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SURGICAL SUITES: Guidelines on best practices to prevent surgical site infections

The number of unresolved issues in this guideline reveals substantial gaps that warrant future research.” (page E6)

Best practices in avoiding surgical site infections were studied by the Centers for Disease Control and Prevention with the assistance of the Healthcare Infection Control Practices Advisory Committee.  This guideline is based on the full text review of nearly 900 journal articles and studies.  The guideline is organized according to specific surgical practices – for example the efficacy of wearing a space suit during orthopedic surgery – and assigns each practice a rating on a continuum as to whether the practice is highly recommended, unresolved, or somewhere in between.  The rating on the space suits, for instance, is that it is unresolved.

Source: Berrios-Torres, S.I., and others. (2017, May 3). Centers for Disease Control and Prevention guideline for the prevention of surgical site infection 2017. JAMA Surgery. Click here: http://jamanetwork.com/journals/jamasurgery/fullarticle/2623725  Posted by AHA Resource Center (312) 422-2050, rc@aha.org

MRSA: 1.2 percent of hospital stays in California (2013)

In 2013, there were over 3.1 million inpatient stays in California hospitals, according to the California State Inpatient Database – which includes information on patients of all ages.  This study examines characteristics of those patients who had a hospital stay associated with Methicillin-resistant Staphylococcus aureas (MRSA).  Here are some of the findings:

  • 1.2 percent of California hospital stays involved MRSA
  • 1 in 100 California hospital stays involved MRSA
  • Over 40 percent of the MRSA was associated with cellulitis or skin ulcers
  • Only 8 percent of hospitalized patients with MRSA acquired their MRSA in a hospital
  • Another 41.9 percent of hospitalized patient with MRSA acquired their MRSA in the community after contact with some type of health care facility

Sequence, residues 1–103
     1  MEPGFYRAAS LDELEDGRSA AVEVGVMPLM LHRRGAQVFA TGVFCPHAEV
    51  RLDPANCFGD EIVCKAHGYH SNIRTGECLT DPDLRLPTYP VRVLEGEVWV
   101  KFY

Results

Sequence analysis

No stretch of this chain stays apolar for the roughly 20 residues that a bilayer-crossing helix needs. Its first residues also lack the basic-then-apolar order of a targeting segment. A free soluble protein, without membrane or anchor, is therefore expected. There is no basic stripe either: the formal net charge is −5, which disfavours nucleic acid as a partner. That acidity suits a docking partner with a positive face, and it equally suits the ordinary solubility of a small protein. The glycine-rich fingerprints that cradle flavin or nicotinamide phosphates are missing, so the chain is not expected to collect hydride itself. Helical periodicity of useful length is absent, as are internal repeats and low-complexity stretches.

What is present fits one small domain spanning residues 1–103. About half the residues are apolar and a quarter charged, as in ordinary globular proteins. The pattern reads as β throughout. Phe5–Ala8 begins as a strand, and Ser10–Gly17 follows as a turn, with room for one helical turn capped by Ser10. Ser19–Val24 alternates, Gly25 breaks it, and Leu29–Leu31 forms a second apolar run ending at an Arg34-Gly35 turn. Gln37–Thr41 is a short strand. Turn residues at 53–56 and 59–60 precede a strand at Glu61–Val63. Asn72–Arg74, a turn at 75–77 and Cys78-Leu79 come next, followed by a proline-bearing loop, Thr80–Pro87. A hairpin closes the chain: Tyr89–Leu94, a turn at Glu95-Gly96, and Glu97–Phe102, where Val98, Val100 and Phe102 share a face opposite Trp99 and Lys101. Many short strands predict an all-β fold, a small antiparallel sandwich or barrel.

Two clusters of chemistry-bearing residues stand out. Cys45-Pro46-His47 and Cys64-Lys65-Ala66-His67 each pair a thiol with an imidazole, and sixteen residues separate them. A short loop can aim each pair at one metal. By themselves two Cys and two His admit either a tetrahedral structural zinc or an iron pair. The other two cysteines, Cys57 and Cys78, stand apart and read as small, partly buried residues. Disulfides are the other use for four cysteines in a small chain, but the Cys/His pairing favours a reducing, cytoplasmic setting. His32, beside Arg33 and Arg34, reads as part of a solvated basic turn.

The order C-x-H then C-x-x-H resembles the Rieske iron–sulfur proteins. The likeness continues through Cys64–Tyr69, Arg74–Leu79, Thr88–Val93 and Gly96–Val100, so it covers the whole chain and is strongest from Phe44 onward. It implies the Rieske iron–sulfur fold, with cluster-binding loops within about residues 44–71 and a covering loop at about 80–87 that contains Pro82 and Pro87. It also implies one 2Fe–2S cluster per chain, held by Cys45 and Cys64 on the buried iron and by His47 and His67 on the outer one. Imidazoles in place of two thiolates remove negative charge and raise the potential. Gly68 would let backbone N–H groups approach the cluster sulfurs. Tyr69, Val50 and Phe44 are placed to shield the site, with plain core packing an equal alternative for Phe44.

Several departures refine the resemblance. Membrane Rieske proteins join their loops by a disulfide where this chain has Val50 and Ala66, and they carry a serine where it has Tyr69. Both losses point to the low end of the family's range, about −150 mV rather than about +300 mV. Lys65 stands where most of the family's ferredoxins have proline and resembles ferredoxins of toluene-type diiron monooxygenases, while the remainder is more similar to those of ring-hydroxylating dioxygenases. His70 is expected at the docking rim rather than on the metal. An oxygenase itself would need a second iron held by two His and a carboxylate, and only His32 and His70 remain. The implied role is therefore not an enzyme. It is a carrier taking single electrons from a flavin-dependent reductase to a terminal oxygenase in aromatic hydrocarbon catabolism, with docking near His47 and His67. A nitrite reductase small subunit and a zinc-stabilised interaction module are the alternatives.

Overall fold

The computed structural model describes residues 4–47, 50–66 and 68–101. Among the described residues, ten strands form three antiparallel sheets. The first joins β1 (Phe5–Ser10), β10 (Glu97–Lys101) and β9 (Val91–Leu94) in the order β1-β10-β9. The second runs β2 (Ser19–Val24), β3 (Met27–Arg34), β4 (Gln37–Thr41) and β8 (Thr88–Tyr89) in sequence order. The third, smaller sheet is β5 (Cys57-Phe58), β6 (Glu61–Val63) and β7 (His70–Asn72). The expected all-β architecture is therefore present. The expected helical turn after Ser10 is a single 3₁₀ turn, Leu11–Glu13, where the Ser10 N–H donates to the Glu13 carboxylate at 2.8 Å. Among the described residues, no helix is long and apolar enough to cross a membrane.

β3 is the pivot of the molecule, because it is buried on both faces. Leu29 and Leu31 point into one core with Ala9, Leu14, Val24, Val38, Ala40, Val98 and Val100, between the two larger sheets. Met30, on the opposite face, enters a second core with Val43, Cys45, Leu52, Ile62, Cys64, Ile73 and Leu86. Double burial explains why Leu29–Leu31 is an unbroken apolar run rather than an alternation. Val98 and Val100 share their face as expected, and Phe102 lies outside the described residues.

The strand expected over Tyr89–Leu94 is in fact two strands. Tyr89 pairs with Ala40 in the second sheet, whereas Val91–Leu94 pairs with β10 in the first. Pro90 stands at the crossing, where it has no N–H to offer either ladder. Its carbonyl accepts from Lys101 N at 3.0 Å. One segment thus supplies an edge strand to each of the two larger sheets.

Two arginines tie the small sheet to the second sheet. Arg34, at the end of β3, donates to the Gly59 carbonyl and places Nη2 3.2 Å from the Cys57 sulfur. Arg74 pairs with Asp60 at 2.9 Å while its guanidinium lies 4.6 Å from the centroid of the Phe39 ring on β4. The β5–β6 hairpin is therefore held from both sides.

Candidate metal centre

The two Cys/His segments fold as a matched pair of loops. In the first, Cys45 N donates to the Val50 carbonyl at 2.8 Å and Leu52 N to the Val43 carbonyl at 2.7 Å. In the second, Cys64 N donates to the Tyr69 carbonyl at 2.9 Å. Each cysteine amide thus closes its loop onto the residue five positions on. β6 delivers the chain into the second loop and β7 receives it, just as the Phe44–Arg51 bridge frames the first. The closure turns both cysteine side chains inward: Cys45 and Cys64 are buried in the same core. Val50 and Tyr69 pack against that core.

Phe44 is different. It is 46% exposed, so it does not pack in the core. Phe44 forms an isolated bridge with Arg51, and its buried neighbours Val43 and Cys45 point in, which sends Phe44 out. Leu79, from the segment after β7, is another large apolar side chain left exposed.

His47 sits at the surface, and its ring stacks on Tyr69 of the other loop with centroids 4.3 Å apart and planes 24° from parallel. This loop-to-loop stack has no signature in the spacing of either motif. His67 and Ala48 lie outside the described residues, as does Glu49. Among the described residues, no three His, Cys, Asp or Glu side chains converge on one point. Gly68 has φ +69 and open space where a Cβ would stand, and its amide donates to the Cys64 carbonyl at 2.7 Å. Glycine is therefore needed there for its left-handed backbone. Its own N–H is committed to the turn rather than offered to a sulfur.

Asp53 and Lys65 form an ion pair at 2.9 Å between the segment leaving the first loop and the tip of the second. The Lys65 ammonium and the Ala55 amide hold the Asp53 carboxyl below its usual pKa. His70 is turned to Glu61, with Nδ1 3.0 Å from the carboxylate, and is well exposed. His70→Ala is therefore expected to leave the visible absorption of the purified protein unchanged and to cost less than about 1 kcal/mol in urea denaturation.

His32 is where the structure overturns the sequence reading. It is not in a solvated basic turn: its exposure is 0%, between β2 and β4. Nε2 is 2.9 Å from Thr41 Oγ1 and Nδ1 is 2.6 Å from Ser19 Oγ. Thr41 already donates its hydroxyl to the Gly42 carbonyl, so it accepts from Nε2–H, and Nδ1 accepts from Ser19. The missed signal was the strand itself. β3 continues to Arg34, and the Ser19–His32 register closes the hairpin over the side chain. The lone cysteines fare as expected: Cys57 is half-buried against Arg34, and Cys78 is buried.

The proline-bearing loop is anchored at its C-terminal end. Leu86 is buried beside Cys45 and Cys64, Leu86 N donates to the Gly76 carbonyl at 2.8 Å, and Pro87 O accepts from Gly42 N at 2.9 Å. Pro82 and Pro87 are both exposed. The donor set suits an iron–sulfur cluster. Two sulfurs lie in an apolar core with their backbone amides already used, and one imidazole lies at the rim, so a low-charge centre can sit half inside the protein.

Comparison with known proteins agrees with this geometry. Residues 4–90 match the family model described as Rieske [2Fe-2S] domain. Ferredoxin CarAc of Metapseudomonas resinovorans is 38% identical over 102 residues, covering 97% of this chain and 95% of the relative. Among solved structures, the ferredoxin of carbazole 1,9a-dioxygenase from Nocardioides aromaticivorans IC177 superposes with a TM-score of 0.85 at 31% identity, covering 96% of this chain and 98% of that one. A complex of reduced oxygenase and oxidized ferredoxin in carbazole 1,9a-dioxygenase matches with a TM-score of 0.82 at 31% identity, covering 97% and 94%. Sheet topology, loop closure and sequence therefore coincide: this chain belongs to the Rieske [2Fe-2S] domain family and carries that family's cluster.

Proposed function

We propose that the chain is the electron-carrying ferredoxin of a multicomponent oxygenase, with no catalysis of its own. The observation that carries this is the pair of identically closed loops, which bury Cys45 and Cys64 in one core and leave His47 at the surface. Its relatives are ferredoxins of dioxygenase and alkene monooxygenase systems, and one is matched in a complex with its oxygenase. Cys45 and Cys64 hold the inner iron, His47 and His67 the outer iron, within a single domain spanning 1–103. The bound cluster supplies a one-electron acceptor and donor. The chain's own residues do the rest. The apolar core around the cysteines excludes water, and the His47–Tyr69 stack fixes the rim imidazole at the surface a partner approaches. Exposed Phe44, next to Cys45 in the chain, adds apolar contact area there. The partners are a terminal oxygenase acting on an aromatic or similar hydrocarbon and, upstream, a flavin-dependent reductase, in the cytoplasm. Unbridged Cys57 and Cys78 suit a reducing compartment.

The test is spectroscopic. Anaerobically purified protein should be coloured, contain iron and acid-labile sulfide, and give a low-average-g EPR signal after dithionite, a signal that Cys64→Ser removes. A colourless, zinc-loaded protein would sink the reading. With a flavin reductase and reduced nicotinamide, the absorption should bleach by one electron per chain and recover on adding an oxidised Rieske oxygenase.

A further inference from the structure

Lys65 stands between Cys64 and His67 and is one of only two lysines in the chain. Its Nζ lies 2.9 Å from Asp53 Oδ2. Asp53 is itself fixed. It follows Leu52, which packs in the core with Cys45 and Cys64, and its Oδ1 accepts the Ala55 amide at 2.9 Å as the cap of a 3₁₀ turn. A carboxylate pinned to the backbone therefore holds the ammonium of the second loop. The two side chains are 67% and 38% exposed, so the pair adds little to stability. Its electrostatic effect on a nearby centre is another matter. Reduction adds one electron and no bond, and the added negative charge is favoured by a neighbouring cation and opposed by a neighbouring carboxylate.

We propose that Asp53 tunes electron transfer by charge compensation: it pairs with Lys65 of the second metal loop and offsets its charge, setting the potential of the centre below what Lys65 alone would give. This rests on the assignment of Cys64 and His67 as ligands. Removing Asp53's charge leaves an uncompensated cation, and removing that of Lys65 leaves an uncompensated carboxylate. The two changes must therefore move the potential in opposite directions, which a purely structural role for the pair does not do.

Source: Sutton, J.P., and Steiner, C.A. (2016, Oct.). Hospital-, health care-, and community-acquired MRSA: Estimates from California hospitals, 2013. Healthcare Cost and Utilization Project Statistical Brief, 212.  Click here: https://www.hcup-us.ahrq.gov/reports/statbriefs/sb212-MRSA-Hospital-Stays-California-2013.pdf  Posted by AHA Resource Center (312) 422-2050, rc@aha.org

PATIENT SAFETY: Checklist compares ‘never events’

This article contains two interesting tables related to “never events,” a term introduced in 2001 by Dr. Kenneth Kizer, then the CEO of the National Quality Forum, to describe the most serious types of health care errors.  The first table itemizes the lists of never events developed by four organizations in a side-by-side comparison.  For example, retention of a foreign object in the patient after surgery is listed by all four organizations, which include:

  • National Quality Forum / Leapfrog Group
  • Centers for Medicare & Medicaid Services (CMS)
  • The Joint Commission
  • The National Health Service (United Kingdom)

The second table compares each of the states and the District of Columbia on whether hospitals are required to report adverse events, whether the state reports individual hospital data, and whether the state reports aggregate data.

What I like about this article: 1.) Useful side-by-side comparison of existing lists of never events.  (One of the recommendations of the article is that work should be done on creating a single definition of never events.)  2.) Authoritative source – the authors are with the Armstrong Institute for Patient Safety and Quality at Johns Hopkins.  Dr. Pronovost, especially, is a prolific author on topics related to patient safety.

Source: Austin, J.M., and Pronovost, P. (2015, June). “Never events” and the quest to reduce preventable harm. The Joint Commission Journal on Quality and Patient Safety, 41(6), 279-288. Retrieved from http://www.jcrinc.com/reducing-never-events-and-preventable-harm-in-health-care/  Posted by AHA Resource Center (312) 422-2050, rc@aha.org

HEALTH CARE ASSOCIATED INFECTIONS: Gowning and gloving needed for ALL ICU patients? Maybe not.

Whether the practice of gowning and gloving should be expanded beyond the current Centers for Disease Control recommendations to include staff caring for ALL patients in intensive care units was studied in this large-scale randomized trial.  The researchers collected data from 20 participating hospitals in 2012 to see if universal gowning and gloving would be found to reduce the acquisition of MRSA or VME (antibiotic-resistant infections).  There was no compelling statistical evidence that universal gowning and gloving should be used for all patients in ICUs to achieve this objective.